The National Institutes of Health says it has cut off all funding for work in Russian labs — including one that debilitated cats and then made them walk on a treadmill — as it seeks to comply with President Biden’s executive orders.
Mr. Biden ordered a halt to U.S. money for Russian research in the wake of President Vladimir Putin’s decision last year to invade neighboring Ukraine.
NIH says it’s in compliance.
“NIH currently does not fund any research in Russia,” the organization’s office of extramural research said in a statement to The Washington Times.
The White Coat Waste Project, which opposes federally funded animal testing, said millions of NIH dollars have flowed to Russia over the past decade.
That included research at the Pavlov Institute in St. Petersburg, which was part of an NIH grant to the Georgia Institute of Technology, or Georgia Tech, to study spinal cord injuries and body motion.
Researchers “decerebrated” cats — removed part of their brain — then put them on a treadmill and hooked them to electrodes. Scientists then delivered electrical stimulation to prompt the cats to move.
After the folks at White Coat Waste publicized the experiment, labeling it “torture,” members of Congress fired off a letter to Mr. Biden demanding he put an end to U.S. support for the “barbaric experiment” and for Russian laboratories in general.
Their letter was sent on March 10, 2022, weeks after Russia invaded Ukraine on Feb. 24.
Two months later, Mr. Biden quietly ordered a halt, with a June 11 directive to federal agencies to “wind down” their funding and “personal relationships and research collaborations” with Russian-government-backed labs.
“Such projects and programs that commenced and/or were funded prior to Russia’s further invasion of Ukraine in February 2022 may be concluded, but new projects in affected subject areas will not be initiated,” the White House said in a directive from the office of science and technology policy.
U.S. funding for overseas labs has drawn new scrutiny in the wake of the COVID-19 pandemic. Some experts concluded that the coronavirus that causes the disease leaked from a Chinese lab, the Wuhan Institute of Virology, which was conducting risky research partly funded by American taxpayers.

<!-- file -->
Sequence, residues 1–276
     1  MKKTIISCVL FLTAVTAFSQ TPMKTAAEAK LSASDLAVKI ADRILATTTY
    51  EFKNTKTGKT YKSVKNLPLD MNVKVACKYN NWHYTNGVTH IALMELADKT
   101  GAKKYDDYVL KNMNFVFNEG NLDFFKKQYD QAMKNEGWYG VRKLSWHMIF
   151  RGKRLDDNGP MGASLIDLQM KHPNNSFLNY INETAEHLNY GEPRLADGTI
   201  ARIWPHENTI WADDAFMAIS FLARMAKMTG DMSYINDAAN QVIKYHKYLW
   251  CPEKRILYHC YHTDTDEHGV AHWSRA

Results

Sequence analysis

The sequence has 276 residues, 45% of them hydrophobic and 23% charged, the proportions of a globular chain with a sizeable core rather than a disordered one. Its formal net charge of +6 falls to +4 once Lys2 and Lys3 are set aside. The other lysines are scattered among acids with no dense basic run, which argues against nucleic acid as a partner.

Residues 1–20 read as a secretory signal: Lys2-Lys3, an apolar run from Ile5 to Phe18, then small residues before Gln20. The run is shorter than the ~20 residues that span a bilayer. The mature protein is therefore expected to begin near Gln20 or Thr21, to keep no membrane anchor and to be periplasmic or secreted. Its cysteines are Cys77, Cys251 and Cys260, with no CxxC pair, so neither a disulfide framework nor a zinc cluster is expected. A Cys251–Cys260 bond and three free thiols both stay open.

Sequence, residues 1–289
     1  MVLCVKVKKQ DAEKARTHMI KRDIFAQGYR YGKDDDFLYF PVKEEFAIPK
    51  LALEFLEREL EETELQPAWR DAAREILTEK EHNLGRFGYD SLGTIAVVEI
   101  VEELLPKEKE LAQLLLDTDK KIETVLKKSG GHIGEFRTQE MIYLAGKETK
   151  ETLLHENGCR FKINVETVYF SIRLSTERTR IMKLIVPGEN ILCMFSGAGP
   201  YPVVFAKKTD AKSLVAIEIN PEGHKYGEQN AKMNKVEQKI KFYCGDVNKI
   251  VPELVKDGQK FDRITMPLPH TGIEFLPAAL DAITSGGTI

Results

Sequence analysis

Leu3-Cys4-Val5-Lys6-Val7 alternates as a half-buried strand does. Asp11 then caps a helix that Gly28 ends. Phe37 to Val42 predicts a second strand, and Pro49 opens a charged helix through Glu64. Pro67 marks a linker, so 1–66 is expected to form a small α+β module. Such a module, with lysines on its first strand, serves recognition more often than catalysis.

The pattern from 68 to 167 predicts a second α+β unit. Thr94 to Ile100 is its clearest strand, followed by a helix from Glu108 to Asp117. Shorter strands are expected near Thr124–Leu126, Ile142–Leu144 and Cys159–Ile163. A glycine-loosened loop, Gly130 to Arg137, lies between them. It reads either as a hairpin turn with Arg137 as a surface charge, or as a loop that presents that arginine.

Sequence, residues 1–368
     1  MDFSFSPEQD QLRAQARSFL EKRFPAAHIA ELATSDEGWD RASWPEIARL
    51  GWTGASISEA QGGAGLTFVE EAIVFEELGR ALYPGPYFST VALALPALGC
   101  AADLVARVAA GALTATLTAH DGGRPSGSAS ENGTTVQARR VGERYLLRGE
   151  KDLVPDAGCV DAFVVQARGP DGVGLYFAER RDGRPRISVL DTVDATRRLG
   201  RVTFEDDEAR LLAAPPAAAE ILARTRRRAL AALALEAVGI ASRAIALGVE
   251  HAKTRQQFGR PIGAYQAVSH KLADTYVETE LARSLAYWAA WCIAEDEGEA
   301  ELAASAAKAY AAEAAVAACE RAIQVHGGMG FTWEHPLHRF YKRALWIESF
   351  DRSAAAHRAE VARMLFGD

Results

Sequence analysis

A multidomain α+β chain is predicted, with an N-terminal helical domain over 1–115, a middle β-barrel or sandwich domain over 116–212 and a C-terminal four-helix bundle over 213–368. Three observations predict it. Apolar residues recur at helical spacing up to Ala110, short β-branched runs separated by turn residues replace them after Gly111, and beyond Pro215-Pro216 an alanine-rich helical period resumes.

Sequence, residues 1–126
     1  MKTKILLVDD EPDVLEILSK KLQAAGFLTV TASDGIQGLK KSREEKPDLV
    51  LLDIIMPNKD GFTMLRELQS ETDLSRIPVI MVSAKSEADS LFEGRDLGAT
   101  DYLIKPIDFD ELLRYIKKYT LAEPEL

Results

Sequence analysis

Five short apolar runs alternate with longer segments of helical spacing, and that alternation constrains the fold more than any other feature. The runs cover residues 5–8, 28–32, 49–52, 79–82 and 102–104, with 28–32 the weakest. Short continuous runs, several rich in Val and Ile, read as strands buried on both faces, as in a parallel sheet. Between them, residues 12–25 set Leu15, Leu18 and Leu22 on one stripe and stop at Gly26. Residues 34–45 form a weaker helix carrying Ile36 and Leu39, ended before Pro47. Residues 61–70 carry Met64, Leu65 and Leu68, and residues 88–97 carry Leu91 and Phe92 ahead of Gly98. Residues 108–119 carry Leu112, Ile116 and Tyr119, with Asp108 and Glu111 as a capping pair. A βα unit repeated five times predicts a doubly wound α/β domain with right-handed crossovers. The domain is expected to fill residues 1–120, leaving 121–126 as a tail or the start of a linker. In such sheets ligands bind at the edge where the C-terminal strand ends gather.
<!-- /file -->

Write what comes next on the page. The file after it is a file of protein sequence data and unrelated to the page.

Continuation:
Russia’s invasion of Ukraine expanded the spotlight to include U.S. funding for other adversaries.
“Over 75% of Republicans and Democrats agree: Taxpayers shouldn’t be forced to pay Putin’s white coats to torture animals in wasteful experiments — and now, following our campaign, they won’t have to,” said Anthony Bellotti, president and founder of the White Coat Waste Project.
He praised Mr. Biden and lawmakers who raised the issue of testing.
Among those is Rep. Lisa McClain, a Michigan Republican who led last year’s letter.
“Having led congressional efforts over the past year to stop the flow of taxpayer dollars to Russia’s inhumane and unaccountable animal testing labs, I’m proud that the Biden administration finally listened to reason and halted this wasteful and dangerous spending,” said Ms. McClain, chairwoman of the Oversight and Accountability subcommittee on health care and financial services.
Sen. Joni Ernst, Iowa Republican, also cheered the developments.
“This is a great first step, but we need to claw back much more money,” she said. “If the administration doesn’t stop funding foreign labs owned and operated by our adversaries like Russia and China, I plan to introduce legislation to do just that.”
Determining the extent of U.S. funding for Russian research is tricky, and the government’s tools for tracking spending aren’t always clear.
USASpending.gov says the Pavlov Institute cats project was funded through May 2022, or a month before Mr. Biden’s shutdown directive, but NIH’s grant reporting system says the project was budgeted through the end of May 2023.
Pavlov collected $221,135 in 2018 and $549,331 in 2021.
All told, USASpending shows about $7 million in “subawards” — work farmed out by the main grantees, as Georgia Tech did to the Pavlov Institute — went to Russia from fiscal 2018 to the present.
Of that total, $3 million was from NIH and $2.3 million was from the National Science Foundation. NASA, the Energy Department and other federal agencies made up the rest of the money.
Though NIH has ended funding, three Russian labs remain on its list of institutions approved for testing, with current animal welfare assurances.
They include the Pavlov Institute, the Institute of Cytology in St. Petersburg and the Institute of Cytology and Genetics in Novosibirsk.
Twenty-eight Chinese labs, including the Wuhan Institute of Virology, are listed.
The House included language in its spending bill governing NIH last year to bar all funding for labs in China, Russia, North Korea and Iran. That language didn’t make it into the final bill, but a ban on funding for the Wuhan Institute of Virology was included.
• Stephen Dinan can be reached at email@example.com.
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